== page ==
Sheriff Department spokesman Steve Whitmore says Lohan is likely to be released on Aug. 1 or 2. The projected release date reflects jail overcrowding and anticipated credits for good behavior.
The actress was booked into the Century Regional Detention Facility in the Los Angeles suburb of Lynwood at 10:11 a.m. PDT Tuesday to begin serving her 90-day sentence for probation violation in a 2007 DWI case.
Whitmore said at a news conference that the actress "has been extremely cooperative and everything has been going smoothly."
Her attorney, Shawn Chapman Holley, told reporters Tuesday, "She's scared as anyone would be. But she's resolute and she's doing it."
Lohan, 24, had turned herself in as scheduled at Los Angeles County Superior Court in Beverly Hills earlier Tuesday morning, accompanied by her mother, Dina Lohan, and younger sister Ali. Her estranged father, Michael Lohan, had arrived several minutes earlier.
Holley, who had bowed out July 6 after Lohan's sentencing, had signed back on Tuesday morning after her successor, Robert Shapiro, abruptly resigned Monday afternoon.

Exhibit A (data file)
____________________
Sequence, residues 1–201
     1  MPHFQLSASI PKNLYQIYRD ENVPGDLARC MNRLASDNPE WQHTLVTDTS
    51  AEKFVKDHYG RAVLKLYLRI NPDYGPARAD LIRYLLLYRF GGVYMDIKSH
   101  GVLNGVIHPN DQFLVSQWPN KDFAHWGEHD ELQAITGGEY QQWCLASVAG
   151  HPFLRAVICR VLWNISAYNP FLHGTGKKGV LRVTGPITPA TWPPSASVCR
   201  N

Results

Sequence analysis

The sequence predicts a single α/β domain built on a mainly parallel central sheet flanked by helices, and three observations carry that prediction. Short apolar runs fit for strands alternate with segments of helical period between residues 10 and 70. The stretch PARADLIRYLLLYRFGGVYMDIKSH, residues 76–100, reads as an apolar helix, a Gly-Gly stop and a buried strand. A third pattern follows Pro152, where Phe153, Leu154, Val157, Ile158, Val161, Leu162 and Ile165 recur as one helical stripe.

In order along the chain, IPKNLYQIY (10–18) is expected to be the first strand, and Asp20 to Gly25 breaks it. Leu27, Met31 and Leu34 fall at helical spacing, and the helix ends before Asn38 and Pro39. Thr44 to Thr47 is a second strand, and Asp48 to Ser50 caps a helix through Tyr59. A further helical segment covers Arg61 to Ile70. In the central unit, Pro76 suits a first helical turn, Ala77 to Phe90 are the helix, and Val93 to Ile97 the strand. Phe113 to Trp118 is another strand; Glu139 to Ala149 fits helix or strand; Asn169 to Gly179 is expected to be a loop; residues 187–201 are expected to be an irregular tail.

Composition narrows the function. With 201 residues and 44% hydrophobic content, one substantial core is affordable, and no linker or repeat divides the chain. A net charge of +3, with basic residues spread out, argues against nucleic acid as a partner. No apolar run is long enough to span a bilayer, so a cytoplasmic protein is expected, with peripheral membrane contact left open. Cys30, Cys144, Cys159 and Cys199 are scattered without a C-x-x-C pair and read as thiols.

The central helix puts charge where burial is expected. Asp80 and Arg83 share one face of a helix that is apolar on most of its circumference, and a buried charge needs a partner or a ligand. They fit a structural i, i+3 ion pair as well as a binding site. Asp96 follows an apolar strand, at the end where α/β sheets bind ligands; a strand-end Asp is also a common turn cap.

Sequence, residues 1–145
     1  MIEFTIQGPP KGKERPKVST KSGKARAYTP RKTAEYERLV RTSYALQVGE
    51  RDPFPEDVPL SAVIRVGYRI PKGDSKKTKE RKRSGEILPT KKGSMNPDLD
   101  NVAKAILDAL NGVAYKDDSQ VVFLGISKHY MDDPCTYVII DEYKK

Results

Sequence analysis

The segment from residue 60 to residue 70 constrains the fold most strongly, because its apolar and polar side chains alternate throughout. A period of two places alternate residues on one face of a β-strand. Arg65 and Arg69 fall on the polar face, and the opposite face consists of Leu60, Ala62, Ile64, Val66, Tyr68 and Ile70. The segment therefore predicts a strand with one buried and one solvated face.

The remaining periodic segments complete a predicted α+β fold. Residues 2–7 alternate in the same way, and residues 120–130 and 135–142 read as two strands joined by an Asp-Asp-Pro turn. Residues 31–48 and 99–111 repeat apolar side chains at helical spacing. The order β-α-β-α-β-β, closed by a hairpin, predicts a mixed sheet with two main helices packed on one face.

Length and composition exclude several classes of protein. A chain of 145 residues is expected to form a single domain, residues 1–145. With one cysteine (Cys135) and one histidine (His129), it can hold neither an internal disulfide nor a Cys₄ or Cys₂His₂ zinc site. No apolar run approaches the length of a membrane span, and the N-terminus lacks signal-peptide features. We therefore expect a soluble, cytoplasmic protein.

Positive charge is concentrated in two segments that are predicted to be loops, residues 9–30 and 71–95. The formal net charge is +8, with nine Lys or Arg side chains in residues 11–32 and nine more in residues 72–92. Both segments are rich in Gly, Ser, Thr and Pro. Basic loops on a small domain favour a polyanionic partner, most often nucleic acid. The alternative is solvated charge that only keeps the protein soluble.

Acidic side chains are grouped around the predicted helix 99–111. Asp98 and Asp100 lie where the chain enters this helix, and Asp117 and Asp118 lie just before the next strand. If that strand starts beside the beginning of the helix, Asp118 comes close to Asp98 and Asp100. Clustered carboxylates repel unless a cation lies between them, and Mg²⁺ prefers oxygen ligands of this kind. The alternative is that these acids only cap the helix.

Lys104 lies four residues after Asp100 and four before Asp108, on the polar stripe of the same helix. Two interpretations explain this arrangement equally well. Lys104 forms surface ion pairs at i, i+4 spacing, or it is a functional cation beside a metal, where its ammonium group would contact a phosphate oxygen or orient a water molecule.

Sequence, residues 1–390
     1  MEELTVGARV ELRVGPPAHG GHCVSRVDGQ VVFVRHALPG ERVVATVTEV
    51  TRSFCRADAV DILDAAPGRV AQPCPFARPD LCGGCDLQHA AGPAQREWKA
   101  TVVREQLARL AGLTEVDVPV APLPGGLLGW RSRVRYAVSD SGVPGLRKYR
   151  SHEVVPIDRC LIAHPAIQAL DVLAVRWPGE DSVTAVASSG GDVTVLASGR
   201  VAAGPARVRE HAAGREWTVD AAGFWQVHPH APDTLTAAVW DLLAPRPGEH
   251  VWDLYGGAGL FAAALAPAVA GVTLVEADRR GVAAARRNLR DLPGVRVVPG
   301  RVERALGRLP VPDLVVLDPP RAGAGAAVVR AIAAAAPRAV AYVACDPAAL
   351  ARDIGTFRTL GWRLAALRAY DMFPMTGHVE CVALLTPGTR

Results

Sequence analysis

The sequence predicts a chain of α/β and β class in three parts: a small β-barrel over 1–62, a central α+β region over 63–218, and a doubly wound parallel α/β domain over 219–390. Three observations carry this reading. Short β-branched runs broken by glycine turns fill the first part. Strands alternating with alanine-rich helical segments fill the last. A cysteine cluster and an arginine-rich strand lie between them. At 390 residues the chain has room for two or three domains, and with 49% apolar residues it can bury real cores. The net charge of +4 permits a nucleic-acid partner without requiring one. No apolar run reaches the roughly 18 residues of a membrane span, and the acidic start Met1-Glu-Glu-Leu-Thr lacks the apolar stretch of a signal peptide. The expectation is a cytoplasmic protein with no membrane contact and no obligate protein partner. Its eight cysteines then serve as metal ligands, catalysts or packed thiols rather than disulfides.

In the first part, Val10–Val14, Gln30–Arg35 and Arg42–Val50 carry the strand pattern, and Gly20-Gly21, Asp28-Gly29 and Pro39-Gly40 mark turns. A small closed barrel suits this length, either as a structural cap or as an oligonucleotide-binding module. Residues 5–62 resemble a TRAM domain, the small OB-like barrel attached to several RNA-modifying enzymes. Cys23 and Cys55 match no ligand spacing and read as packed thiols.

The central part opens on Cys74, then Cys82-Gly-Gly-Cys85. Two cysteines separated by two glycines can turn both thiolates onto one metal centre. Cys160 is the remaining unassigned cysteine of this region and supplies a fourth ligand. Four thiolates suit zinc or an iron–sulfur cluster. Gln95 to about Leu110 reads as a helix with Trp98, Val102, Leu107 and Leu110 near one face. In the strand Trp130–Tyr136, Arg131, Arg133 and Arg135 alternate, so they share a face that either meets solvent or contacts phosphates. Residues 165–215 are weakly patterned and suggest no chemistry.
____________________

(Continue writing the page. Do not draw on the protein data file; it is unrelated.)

Wearing a sleeveless top and blue jeans, Lohan sat silently during the brief proceeding. Judge Marsha Revel changed a provision of Lohan's sentence to reduce from two days to 24 hours the time between release from jail and reporting for probation.
She also disallowed the possibilities of house arrest or work release. Lohan's sentence includes 90 days inpatient rehab following jail.
At 8:46 a.m., the actress was cuffed behind her back and escorted out a side door by four sheriff's deputies, The Associated Press reported. As she left, Michael Lohan told her, "We love you, Lindsay."
Lindsay Lohan will be housed in a "special needs" unit segregated from other prisoners "for her protection," Whitmore said. "People who have this kind of notoriety . . . are kept away from the general population."
She will have at least one hour recreation time daily outside her 12-by-8 cell, and 20 minutes per meal.
Smoking, however, is not allowed, nor will the inveterate Twitterer have access to the Internet or cell phones, People magazine reported. All personal belongings, from jewelry and medications to underwear and hair extensions, are confiscated and returned upon release.